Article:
In a statement, Mr. Fetterman’s campaign noted that he was “reelected by an overwhelming majority” four months after the Braddock incident, “a city of 80 percent black”, because voters over there “know John, and they know it had nothing to do with race.” He added that he had continued to “run and win statewide, and he is the only candidate to run for this Senate seat to have done so.”
If Democratic voters balk at Mr Fetterman and Mr Lamb, a path could open for alternative candidates, including Val Arkoosh, a county official in the key electoral suburb of Philadelphia and the only woman in the race, and Malcolm Kenyatta, a young telegenic legislative state from north Philadelphia.
Mr Kenyatta, who would be the state’s first black and openly gay Senate candidate if he wins, has traveled extensively in search of local backers but lags behind his rivals in fundraising.
Ms Arkoosh, a physician and chair of the council of commissioners for Montgomery County, the state’s third largest county, has the support of Emily’s List, which supports Democratic women who support abortion rights.
Together, Mr. Fetterman, Mr. Lamb and Ms. Arkoosh significantly outperformed their Republican counterparts in the quarter ending June.
While Democrats see a pattern in Mr. Biden’s 81,000-vote victory in the state last year, which swept away suburban voters dismayed at Mr. Trump, Republicans currently play almost exclusively at Base Make. America Great Again, telling the tale of a stolen 2020 election.
There is a proven path to statewide victories for Republicans in Pennsylvania, one taken by two GOP candidates last year who were elected treasurer and auditor general. They did so by edging out Mr Trump in the suburbs of Philadelphia, Harrisburg and Pittsburgh, where many graduate voters had traditionally backed Republicans but were pushed back by the intimidating and divisive former president.
Mr Toomey, the retired Republican senator, recently warned: “Candidates will have to come forward on ideas and principles, not on allegiance to a man.”
But few Republicans vying to succeed him seem to have listened.
Sean Parnell, a former Army Ranger who lost a House race last year to Mr Lamb, has taken legal action to reject Pennsylvania’s 2.6 million mail-in votes, a case dismissed by the United States Supreme Court, and said it supports an Arizona-style audit. Pennsylvania ballots in 2020. Donald Trump Jr. has approved his candidacy for the Senate.
And Jeff Bartos, a major Philadelphia-area real estate developer and party donor who was supposed to appeal to suburban voters, also courted the Trump base, calling for a “full forensic audit” of the Pennsylvania election, though. that several courts have dismissed lawsuits. allegation of fraud or official misconduct.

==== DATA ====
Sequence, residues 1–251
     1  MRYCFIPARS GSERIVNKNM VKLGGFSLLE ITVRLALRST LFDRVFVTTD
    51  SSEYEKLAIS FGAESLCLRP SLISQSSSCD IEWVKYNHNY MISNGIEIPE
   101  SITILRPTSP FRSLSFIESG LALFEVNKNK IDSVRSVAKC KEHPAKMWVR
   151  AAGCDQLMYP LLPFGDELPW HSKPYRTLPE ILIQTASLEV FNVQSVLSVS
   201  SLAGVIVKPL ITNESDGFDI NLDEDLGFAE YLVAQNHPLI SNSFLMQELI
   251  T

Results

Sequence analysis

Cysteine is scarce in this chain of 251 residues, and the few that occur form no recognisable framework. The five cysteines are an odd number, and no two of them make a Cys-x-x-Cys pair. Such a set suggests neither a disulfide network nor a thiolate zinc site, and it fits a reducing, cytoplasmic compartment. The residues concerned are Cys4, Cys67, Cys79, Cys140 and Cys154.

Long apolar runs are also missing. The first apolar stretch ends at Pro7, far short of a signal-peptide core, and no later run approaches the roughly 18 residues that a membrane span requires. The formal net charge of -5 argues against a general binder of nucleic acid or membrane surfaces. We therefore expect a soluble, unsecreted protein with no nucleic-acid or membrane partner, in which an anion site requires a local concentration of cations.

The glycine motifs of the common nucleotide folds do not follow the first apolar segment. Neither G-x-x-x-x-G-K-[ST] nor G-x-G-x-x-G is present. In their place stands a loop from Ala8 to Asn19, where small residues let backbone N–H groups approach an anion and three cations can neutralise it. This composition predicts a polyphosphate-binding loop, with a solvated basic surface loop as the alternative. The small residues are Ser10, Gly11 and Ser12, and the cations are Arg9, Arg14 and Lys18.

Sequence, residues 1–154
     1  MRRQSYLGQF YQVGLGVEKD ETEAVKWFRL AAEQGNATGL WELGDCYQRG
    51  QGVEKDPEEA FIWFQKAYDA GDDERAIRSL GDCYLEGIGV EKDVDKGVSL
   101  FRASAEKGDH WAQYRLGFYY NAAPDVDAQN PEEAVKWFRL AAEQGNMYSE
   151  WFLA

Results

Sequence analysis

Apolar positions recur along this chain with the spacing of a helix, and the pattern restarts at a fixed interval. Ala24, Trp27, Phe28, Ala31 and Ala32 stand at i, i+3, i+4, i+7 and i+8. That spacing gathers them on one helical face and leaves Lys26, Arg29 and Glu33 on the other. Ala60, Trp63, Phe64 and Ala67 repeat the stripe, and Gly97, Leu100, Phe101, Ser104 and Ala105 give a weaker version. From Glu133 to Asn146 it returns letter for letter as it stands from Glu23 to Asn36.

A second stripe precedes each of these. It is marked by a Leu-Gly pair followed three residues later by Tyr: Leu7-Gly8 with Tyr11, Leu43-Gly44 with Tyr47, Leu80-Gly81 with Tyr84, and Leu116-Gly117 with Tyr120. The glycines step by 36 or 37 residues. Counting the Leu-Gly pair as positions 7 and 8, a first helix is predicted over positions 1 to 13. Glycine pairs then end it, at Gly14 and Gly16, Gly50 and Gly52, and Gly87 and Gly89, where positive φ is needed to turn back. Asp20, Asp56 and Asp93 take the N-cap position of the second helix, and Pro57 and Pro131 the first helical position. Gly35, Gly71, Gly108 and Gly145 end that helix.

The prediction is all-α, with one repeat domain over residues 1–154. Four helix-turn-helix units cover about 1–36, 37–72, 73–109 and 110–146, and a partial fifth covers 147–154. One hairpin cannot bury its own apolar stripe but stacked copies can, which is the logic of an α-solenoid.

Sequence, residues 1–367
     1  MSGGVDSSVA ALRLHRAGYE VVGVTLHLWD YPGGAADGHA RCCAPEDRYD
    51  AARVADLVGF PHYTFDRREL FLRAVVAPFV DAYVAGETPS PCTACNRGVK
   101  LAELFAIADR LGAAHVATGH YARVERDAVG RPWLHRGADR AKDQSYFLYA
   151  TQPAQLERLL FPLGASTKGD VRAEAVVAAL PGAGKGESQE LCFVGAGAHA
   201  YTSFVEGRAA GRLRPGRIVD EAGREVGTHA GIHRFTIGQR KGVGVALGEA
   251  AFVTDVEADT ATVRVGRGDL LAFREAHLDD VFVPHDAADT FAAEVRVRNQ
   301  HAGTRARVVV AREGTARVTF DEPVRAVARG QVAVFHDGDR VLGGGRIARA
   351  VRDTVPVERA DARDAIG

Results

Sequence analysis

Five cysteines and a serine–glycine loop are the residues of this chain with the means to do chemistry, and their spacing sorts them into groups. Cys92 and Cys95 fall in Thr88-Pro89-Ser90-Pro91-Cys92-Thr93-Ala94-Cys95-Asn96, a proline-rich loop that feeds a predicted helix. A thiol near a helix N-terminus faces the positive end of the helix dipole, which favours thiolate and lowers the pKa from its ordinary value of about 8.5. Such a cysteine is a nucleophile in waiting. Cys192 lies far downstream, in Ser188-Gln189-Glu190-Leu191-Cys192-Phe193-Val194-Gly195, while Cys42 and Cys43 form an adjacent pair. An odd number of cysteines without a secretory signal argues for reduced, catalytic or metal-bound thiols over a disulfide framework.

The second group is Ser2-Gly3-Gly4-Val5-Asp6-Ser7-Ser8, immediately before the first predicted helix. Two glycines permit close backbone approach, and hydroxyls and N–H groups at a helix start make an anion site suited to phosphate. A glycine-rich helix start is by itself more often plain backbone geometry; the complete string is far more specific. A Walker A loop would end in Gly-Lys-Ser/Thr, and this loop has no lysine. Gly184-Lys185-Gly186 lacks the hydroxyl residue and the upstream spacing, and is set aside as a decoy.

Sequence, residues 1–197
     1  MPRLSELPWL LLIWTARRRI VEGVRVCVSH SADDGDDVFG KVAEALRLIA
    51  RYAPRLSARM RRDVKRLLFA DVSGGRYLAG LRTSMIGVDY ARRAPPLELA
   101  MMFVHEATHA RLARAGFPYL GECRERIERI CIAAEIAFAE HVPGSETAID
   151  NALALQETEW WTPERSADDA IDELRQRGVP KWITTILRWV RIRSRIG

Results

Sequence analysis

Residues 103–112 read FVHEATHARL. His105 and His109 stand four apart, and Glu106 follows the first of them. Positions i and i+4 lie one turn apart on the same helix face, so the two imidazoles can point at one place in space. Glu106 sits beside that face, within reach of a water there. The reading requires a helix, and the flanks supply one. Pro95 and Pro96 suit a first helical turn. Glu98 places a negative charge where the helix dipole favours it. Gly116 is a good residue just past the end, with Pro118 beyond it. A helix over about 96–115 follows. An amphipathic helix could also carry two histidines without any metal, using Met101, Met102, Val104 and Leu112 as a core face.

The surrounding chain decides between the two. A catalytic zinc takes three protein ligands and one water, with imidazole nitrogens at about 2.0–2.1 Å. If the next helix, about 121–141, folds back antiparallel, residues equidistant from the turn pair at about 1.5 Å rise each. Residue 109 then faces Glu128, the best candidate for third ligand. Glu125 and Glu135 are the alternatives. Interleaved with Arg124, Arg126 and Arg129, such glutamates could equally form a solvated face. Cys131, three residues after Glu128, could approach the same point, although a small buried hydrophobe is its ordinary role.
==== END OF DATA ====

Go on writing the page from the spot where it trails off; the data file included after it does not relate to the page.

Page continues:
Neither Mr. Parnell nor Mr. Bartos have raised as much money in the last quarter as a black contestant, Kathy Barnette, a former financial executive who lost a congressional race on the Philadelphia mainline l ‘last year. Ms Barnette pushed the allegations of electoral fraud on far-right cable channels Newsmax and OAN.
A longtime Republican consultant to the state, Christopher Nicholas, said there were three avenues available to GOP candidates: “Super-MAGA-Trump, Trump-adjacent, and not so much Trump.”
Lately, he said, almost everyone has gone down the “Super-MAGA-Trumpy” path.
“As a Republican you have to watch how far you go to the right to win the primary, so that it doesn’t do them irreparable harm in the general election,” Nicholas said.
Mr Lamb faces a similar challenge as a moderate in the Democratic primary.
He’s sure to be hit hard by some past positions, including his opposition to a 2019 assault weapons ban and his vote the previous year to permanently extend the Trump administration’s individual tax cuts.
More recently, Mr Lamb has remained more in tune with his party: in April, he approved Mr. Biden’s call to ban future sales of assault weapons; in May, he approved the end of the filibuster.
Mr Lamb said in an interview that the assault on Capitol Hill was a turning point for him, especially in how Republican leaders accepted Mr Trump’s false accusation that the 2020 vote was rigged.
He alluded to it again in his announcement speech on Friday: “If they accept such a big lie and put it at the center of the party,” he said of GOP leaders, “you won’t. can’t expect them to tell the truth about anything else. . “